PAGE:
At some point Hubbard ceases to be a factor in any universal truth, whether learned initially through Scientology, or not.
    Then the Scientology mindset ceases to have teeth and one sees it for what it is, stolen, misapplied information.
     
    Last edited: Apr 14, 2019
  5. EZ Linus

    EZ Linus Cleared Tomato

    Hi Dagwood. This is also a great point because this was also a big part of it for me. I needed to know where and who Hubbard stole from in order to move past much of my fixations that he "knew all," or had some powerful all-knowing knowledge that no one else had access to. Analytically, I knew he didn't, but my brainwashed side was still set in that mode until I found each and every theory he stole from someone else. I needed to make sure he studied it and incorporated it as his own or I wouldn't be satisfied, and it proved to be much easier than I ever thought. Not a small amount of work, but still not impossible to do.

    Eventually, you don't need to know every single variable because much of it is common sense that (if you lived your formative years in Scientology) you would eventually learn much of the "good" things that are taught in Scientology as you grow up anyway, like knowing your right from wrong, do onto others, take a shower, etc. Hubbard didn't invent how light works through a prism or what happens when two things are in the same place at the same time. So you are right about getting these things cleared up so that it ceases to have that same power and hold one in place. You don't have t be a hostage to that mindset anymore.

    I'm answering on this thread because Mockingbird posted the same message in a new thread, but there are already replies on this one. Hope that's okay.
     
  6. I told you I was trouble

    I told you I was trouble Suspended animation


    @mockingbird ... once a scientologist realises that there are no clears or OT's (not a single, solitary one) then the only thing a sane person with an ounce of intelligence and self respect can do is to also accept that scientology is a con with nothing at all to offer that can't be found elsewhere (and without the nastiness and expense of the cult) and flick it all as far as possible out of their life. That can take time depending on the individuals circumstances and ability to process what happened and I understand that.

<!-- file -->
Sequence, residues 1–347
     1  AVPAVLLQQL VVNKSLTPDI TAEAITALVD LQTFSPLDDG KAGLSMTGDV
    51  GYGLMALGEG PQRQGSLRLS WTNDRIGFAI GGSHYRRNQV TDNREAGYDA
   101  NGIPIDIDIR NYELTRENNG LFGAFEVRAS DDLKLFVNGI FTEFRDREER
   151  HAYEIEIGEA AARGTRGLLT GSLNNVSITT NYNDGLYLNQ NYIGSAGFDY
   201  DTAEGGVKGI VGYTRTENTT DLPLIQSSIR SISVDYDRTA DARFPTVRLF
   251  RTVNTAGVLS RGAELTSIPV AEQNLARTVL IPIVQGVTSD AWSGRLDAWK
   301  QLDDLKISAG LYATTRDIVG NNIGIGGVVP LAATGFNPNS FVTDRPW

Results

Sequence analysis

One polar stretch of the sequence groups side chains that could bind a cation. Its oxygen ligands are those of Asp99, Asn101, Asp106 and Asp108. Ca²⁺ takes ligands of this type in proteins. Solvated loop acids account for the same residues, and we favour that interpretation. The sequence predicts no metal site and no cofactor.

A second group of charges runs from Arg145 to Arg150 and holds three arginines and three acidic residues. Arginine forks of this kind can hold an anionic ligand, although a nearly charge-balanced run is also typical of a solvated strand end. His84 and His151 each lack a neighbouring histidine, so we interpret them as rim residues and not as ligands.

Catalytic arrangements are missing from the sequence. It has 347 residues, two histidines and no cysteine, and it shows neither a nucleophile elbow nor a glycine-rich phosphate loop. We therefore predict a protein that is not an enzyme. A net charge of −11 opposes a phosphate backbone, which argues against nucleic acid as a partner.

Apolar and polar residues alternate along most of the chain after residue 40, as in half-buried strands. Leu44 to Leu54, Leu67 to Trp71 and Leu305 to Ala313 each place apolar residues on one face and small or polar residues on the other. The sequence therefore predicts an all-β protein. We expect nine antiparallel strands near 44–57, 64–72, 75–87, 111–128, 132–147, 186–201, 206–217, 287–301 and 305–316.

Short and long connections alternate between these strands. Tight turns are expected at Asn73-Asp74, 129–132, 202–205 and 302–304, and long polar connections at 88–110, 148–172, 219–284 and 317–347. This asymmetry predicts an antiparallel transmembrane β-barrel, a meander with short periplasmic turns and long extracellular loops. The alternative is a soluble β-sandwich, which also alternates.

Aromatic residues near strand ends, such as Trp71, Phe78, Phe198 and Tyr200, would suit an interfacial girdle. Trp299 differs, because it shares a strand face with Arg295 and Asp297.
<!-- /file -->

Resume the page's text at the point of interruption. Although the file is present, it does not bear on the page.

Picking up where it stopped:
But ... once done, what is so difficult about just accepting that you were deceived, learning from it and moving on in whatever way works for you without the need to constantly try and 'educate' others into believing what you (currently) believe ... very much as a scientologist does?


    :groan:

    That book list is ridiculous ... if you want to post about your reading materials why not take one book at a time and post a proper review on it and then respond to any questions or comments? That might be genuinely helpful to someone newly out of the cult.

     
  7. JustSheila

    JustSheila Crusader

    My Road Out of Figure Figure:

    :hmm:

    [​IMG]

    [​IMG]

    :happydance:
     
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  8. I told you I was trouble

    I told you I was trouble Suspended animation

    My road out of scientology.

    1. Realised there are no clears or OT's and (based on that alone) accepted that scientology was unnecessary (and a complete con job), left as soon as I could after spending many years under the radar for family reasons ... that step was very, very hard to do because by nature I'm honest and open about my true thoughts and I felt trapped ... because I was.


    2. Accepted that I was a complete and utter twerp for getting sucked into a cult in the first place but managed to quickly justify that by reminding myself that I had been very young at the time (17) ... laughed (at myself) until I felt better, then quietly cringed every now and again and decided to never be so foolish again and that thinking for myself was probably the best way to go in the future (lol) ... which automatically meant ignoring or disagreeing with any opinionated know alls/wannabe gurus (ie people acting exactly like scientologists) who were trying to 'help' me or others to de-cult their way (or worse, trying to recruit for their own cults).